Japanese Pop Idol Apologizes After Being Allegedly Attacked [Updated]

Illustration for article titled Japanese Pop Idol Apologizes After Being Allegedly Attacked [Updated]
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Maho Yamaguchi is a member of Niigata-based idol group NGT48, a sister group of AKB48. Two men have been arrested for allegedly assaulting her. Yet tonight, it was Yamaguchi who apologized.

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Update Jan. 15 - 6:30 am: On Monday, an AKS official for NGT48's parent company apologized this week, saying that the reason why it hadn’t spoken in public prior was due to the police investigation. The official also announced that an NGT48 manager had been replaced. AKS has confirmed that a member of NGT48 helped the attackers but added that nothing illegal happened.

Japanese TV news did a recreation of the alleged attack. 

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Update #2 March 26 - 7:00 am: An internal investigation apparently showed that no other members of NGT48 were involved in the attack on Maho Yamaguchi. “Why are they continuously telling lies?” Yamaguchi wrote on Twitter (via Tokyo Reporter). “I’m really sad.” Yamaguchi also alleged that if she had not apologized, she was told other members would read a prepared statement on her behalf.

The original story, which was first published on January 15, 2019, continues below.

Run by a talent company known as AKS, AKB48 is one of Japan’s most successful idol groups with numerous spin-off groups, including NGT48 of which Yamaguchi, whom fans call “Mahohon,” belongs. Each of the groups has a massive amount of members—hence, the 48 number.

NHK reports that on December 8, two men, both in their mid-20s, allegedly grabbed her face, assaulting Yamaguchi at her home’s entrance.

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The two men said they “just wanted to talk with her.” They denied the assault and were later released without charge. Japan’s Daily Sports reports that it was told Yamaguchi screamed with surprise when she saw the men, causing them to cover her mouth. A police officer, the paper adds, rushed to the scene.

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Yamaguchi’s account of what happened is terrifying (translation by @jeauexe):

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Earlier this week, Yamaguchi spoke about what happened in an online stream, saying she thought she could have been killed. You can watch below, but it suddenly stops while she was speaking.

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Here is a translation by @ithebigc of the speech:

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As website Asian Junkie (via tipster Oxhex) points out, Yamaguchi had also discussed the incident on Twitter, alleging that a fellow group member had given out her home address and told the men when she would arrive. Yamaguchi accused the group’s management of covering up the incident.

Here are some translations of her tweets by @fryan_get.

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According to Daily Sports, NGT48's management denies that another group member gave out Yamaguchi’s home address.

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Tonight, Yamaguchi went on stage and apologized for “causing trouble,” bowing several times before a packed crowd.

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Apologies are called for, but not from her.

Originally from Texas, Ashcraft has called Osaka home since 2001. He has authored six books, including most recently, The Japanese Sake Bible.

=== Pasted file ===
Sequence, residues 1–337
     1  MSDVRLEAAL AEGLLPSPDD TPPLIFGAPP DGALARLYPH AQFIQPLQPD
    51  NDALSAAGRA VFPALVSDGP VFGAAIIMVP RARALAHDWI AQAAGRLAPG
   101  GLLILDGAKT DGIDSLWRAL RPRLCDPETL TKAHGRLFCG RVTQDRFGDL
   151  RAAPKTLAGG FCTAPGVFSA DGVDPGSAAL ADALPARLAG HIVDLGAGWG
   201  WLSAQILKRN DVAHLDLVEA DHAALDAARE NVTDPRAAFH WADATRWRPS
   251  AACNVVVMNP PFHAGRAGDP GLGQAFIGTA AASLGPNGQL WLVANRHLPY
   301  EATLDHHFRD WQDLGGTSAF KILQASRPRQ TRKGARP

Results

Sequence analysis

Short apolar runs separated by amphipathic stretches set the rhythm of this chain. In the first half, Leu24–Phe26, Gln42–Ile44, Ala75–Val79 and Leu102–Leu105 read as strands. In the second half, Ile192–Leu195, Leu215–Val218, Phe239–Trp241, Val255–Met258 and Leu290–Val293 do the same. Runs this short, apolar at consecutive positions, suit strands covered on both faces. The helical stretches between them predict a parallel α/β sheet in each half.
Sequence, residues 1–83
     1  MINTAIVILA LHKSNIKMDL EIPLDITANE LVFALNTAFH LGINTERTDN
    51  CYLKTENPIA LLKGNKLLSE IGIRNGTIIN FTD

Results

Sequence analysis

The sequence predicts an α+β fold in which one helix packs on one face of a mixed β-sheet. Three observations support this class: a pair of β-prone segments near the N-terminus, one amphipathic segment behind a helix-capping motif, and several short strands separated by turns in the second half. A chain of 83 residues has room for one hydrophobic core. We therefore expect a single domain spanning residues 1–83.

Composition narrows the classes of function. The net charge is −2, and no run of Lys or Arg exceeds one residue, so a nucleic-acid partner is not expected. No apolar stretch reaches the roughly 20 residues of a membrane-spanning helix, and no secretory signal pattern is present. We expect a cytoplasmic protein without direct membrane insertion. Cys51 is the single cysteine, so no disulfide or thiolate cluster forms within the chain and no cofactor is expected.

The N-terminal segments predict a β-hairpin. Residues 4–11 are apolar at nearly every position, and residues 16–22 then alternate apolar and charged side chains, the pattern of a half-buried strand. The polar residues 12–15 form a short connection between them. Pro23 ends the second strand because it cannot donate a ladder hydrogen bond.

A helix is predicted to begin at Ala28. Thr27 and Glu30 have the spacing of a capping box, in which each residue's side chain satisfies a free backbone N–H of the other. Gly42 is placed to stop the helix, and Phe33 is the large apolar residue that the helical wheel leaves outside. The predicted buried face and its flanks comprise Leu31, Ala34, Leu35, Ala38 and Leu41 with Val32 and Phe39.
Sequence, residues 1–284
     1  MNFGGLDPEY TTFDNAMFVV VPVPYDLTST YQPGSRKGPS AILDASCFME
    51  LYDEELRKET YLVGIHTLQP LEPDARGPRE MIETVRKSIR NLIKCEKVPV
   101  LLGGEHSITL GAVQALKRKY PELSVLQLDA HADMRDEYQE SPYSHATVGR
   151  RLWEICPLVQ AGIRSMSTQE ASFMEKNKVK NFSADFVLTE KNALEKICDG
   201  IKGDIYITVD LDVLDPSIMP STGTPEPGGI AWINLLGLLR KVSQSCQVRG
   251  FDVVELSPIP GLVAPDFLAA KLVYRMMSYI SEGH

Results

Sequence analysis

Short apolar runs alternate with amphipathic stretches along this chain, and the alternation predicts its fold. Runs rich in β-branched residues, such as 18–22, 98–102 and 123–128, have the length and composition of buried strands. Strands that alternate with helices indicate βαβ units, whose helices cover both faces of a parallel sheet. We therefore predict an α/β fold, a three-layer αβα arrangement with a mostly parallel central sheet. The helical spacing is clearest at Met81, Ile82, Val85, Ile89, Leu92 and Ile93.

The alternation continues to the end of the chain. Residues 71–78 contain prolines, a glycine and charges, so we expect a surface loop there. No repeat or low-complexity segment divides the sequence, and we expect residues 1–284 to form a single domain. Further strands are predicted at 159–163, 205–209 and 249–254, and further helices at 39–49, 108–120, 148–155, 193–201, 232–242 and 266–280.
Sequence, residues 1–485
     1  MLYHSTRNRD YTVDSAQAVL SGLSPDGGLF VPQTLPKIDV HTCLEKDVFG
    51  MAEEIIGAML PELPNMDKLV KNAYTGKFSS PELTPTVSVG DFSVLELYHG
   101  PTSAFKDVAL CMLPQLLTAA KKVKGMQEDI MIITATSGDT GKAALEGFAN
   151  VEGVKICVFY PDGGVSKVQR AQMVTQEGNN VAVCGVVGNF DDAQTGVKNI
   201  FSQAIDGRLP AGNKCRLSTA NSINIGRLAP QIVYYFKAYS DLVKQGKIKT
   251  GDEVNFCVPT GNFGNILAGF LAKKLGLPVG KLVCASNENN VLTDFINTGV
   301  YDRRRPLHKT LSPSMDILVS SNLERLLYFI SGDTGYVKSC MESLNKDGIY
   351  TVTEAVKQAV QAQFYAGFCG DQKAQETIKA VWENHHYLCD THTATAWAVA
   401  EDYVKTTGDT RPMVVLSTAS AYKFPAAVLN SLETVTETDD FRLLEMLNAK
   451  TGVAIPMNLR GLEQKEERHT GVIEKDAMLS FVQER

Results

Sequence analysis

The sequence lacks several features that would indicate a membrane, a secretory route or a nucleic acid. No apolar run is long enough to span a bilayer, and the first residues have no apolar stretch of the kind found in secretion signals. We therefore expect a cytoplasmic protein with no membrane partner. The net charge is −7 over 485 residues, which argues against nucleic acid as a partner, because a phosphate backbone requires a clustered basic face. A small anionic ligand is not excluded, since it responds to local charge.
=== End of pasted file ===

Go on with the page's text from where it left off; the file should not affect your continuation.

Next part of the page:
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DISCUSSION

This is absolutely stomach-turning. Any time someone tells me “rape culture” doesn’t exist (and yes, I know, “well, actually” brigade, she wasn’t raped in this instance), I point to shit like this; a woman can be assaulted—in the US, Japan, or anywhere else—and the onus inevitably comes back to her, even if her attacker(s) eventually face justice.

In this specific instance, it looks like management basically said, “Shut up, say we’re perfect, or your career is over,” and she decided to play ball—but god damn is this infuriating. No one—man or woman—should ever have to apologize for being assaulted.

Not for nothing, this is just one more example of why I find Japanese idol culture so fucking sickening (and, no, I don’t have to “respect the culture” when a specific aspect of that culture is openly and wantonly damaging to a specific subset of that culture). Idols are not allowed to have significant others specifically to “maintain the fantasy” for fans that they are attainable, their personal lives are forever under a fucking microscope, and they get cycled out like last week’s garbage the second they get too old/do something that knocks them off the pedestal their fans and management have placed them on.

The focus is on the entitlement many (but not all, in the interest of being fair) fans of these idols feel toward their bodies, their lives, and their persons, rather than the health and wellbeing of the “idol” themselves.

In this specific case, it looks like the fans took Yamaguchi’s side, and that is absolutely a good thing, and something I’d like to see a hell of a lot more of—but the fact that she felt compelled to apologize for “causing trouble” over reporting an assault bespeaks a deeper darkness in the idol system that desperately needs to be addressed.

It is an absolutely inhuman set of strictures to place on a person.

And the first dipshit who tells me, “Hey, they chose this life,” is going to get a lengthy explanation on power imbalances, and what “choice” means when one option involves forever changing the individual’s (and potentially their family’s) life from a financial aspect, and the other involves—well, the other’s not really a choice at all, given the dichotomy present.